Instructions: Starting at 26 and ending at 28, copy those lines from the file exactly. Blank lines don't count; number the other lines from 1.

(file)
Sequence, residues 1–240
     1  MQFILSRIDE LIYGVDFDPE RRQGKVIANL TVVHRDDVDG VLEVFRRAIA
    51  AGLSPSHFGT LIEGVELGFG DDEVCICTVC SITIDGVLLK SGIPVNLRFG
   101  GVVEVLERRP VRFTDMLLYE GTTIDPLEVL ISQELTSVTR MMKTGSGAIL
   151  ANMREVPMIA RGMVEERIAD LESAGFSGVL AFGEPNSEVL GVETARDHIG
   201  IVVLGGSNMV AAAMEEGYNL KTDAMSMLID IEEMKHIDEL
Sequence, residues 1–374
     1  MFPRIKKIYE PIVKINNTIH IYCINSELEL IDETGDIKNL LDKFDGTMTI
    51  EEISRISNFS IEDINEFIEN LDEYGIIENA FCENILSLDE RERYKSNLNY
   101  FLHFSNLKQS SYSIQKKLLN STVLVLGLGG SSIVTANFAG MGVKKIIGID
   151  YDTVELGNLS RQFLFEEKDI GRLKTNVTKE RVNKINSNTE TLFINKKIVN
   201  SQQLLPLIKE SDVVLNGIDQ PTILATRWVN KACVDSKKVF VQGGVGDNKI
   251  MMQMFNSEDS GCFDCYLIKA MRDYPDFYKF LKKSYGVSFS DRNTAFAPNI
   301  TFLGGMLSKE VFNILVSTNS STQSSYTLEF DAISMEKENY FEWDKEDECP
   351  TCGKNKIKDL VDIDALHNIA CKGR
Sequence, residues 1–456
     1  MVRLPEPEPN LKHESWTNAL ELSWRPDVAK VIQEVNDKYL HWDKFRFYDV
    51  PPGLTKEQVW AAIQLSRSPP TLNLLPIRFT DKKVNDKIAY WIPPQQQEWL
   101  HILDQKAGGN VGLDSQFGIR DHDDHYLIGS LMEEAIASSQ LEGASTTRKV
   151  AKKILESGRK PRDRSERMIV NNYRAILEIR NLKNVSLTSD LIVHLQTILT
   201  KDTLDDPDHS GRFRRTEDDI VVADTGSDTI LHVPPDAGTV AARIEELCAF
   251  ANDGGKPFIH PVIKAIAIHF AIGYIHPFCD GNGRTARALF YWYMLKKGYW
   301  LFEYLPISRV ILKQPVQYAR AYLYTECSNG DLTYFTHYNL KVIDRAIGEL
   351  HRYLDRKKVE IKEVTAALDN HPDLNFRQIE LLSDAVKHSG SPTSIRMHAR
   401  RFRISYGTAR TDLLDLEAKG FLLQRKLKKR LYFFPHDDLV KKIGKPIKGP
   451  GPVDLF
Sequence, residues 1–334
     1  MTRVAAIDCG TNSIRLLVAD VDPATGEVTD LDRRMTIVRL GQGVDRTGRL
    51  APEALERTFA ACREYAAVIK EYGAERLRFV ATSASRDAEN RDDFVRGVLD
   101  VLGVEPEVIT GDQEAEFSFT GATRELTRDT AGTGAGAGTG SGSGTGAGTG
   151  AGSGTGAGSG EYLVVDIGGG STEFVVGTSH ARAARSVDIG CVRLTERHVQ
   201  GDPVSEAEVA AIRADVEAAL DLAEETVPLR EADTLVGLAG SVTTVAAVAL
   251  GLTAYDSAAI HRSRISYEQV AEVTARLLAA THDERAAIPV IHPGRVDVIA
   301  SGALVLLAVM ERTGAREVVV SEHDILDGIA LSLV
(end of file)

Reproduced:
   451  GPVDLF
Sequence, residues 1–334
     1  MTRVAAIDCG TNSIRLLVAD VDPATGEVTD LDRRMTIVRL GQGVDRTGRL